BATON ROUGE, La. -- Democrat Edwin W. Edwards rolled up a landslide victory over Republican David E. Duke in the bitterly fought Louisiana governor's runoff election yesterday.
An avalanche of black votes and widespread fears that a Duke victory would mean economic calamity for the state helped propel Mr. Edwards to a larger-than-expected triumph.
In their election night speeches, both candidates conveyed a similar warning: that the spectacle of the past few weeks in Louisiana was only the first skirmish in a national political battle // over race.
"Tonight, Louisiana became the first to turn back the merchant of hate, the master of deceit," Mr. Edwards told cheering supporters at a New Orleans hotel. But, he added, "there will be other places and other times."
Mr. Duke, in his concession speech, called for conciliation. But he also said: "The candidate may have lost, but the message goes out loud and clear across this country. . . . If we don't turn around this state and our nation, then we're going to lose them.
"That campaign is not over. It is only just beginning," the loser added, prompting trademark chants of "Duke, Duke, Duke" from supporters at a hotel here.
With 95 percent of precincts reporting, Mr. Edwards had 1,013,693 vote, or 61 percent, to Mr. Duke's 657,577 votes, or 39 percent.
Mr. Duke, the former Klansman and neo-Nazi making his boldest bid yet for higher office, was unable to overcome his own resume of hate and a unified opposition of business and political leaders, including President Bush.
By a wider than expected margin, Louisianians chose to put their state in the hands of Mr. Edwards, a suave, 64-year-old politician who had asked for a chance to redeem a history of gambling, womanizing and close brushes with the law.
Black voters turned out in potentially record numbers, with better than 95 percent of those votes going to Mr. Edwards. Mr. Edwards also ran better than expected in northern Louisiana, a Duke stronghold, and in Acadiana, his native region, where Mr. ++ Duke had hoped to prevail.
The comeback-minded ex-governor built his coalition on a base of virtually unanimous support from the state's black voters, who cast between one-quarter and one-third of the total statewide vote.
Mr. Edwards also drew votes from his fellow Cajuns in the southern part of the state and from liberal and moderate whites, many of them more concerned about stopping Mr. Duke than returning the roguish former governor to power for a record fourth term.
Voter turnout was heavy, the result of unusually hot mid-November weather and a scorching four-week campaign that became an obsession with people here in Louisiana and drew international media attention.
The focus was mainly on Mr. Duke, a 41-year-old former Ku Klux Klan leader and Nazi enthusiast whose white supremacist background became a central issue.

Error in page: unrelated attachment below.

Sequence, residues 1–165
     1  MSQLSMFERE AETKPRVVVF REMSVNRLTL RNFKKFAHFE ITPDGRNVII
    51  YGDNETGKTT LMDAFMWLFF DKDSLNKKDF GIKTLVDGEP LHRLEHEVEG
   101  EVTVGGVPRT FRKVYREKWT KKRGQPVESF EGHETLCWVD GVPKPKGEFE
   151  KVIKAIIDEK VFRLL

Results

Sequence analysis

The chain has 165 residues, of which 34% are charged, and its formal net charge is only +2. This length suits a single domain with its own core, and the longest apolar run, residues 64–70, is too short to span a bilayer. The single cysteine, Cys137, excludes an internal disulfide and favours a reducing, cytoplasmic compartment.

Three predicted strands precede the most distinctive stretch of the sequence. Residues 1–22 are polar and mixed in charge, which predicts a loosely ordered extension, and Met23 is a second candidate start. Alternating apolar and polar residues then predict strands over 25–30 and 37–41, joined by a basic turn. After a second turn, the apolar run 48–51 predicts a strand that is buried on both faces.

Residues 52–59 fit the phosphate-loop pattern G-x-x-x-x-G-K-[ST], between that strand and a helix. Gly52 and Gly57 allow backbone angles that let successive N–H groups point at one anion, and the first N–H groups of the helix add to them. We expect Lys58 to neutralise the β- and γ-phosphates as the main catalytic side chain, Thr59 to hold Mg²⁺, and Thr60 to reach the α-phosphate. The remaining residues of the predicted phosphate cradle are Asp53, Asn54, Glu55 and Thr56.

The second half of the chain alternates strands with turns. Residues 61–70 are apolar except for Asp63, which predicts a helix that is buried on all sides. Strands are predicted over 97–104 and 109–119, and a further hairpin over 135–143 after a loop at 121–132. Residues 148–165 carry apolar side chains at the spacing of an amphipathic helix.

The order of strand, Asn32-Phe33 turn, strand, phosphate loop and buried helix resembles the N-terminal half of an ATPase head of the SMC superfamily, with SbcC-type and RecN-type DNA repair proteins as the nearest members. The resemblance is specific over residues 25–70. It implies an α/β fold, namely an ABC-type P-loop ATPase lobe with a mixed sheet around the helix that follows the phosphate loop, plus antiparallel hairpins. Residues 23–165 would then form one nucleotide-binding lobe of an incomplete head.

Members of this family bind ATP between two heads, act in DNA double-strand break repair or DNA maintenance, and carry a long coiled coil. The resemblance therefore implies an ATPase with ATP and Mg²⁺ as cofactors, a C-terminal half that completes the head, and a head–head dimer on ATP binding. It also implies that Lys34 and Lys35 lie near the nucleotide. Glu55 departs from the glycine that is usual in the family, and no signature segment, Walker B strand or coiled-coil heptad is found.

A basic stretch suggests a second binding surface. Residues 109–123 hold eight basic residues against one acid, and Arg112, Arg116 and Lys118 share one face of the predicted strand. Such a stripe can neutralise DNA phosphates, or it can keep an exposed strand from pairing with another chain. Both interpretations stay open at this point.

Even before the votes had been counted, there was speculation that Mr. Duke would use his new status as a nationally known political figure as a springboard into the 1992 presidential race.
In this fall's campaign, his third in as many years, Mr. Duke continued to refine his racially charged, anti-government message in an effort to make himself more acceptable to mainstream voters.
His white protest agenda, which includes opposition to crime, quotas and the welfare system, has broad support, national polls show. Like more conventional "outsider" candidates, Mr. Duke has successfully exploited the epidemic of anti-incumbent fever sweeping the nation.
The Edwards-Duke campaign quickly degenerated into a polarizing personal battle between two unpopular politicians, and many voters expressed disgust over the choice they were forced to make.
Many Louisianians alternated between anger and shame over the new national image of their state as a hotbed of white racism. But both Mr. Duke and his detractors agreed he was touching a widespread sense of frustration and resentment among working-class whites that spreads far beyond the borders of the South.
Even Mr. Edwards argued that the Duke candidacy was not a local phenomenon: "He would run as well in California and New York and Illinois as he runs here."
The potency of Mr. Duke's message was reflected in the way he succeeded in shifting the debate to his own, race-based issue agenda. By Election Day, Mr. Edwards was stealing the Duke message, in an attempt to cut into Mr. Duke's base of support among whites.
An Edwards radio commercial, beamed into rural areas of the state yesterday, featured the same racial scapegoating for which Mr. Duke had been widely condemned, including by Mr. Edwards. "Hey, I don't like the welfare system," declares the countrified narrator.
Both men spent the entire campaign apologizing for past mistakes and trying to persuade voters that they had reformed.
Mr. Duke tried to capitalize on lingering suspicions of Mr. Edwards, the state's twice-indicted but never-convicted former governor.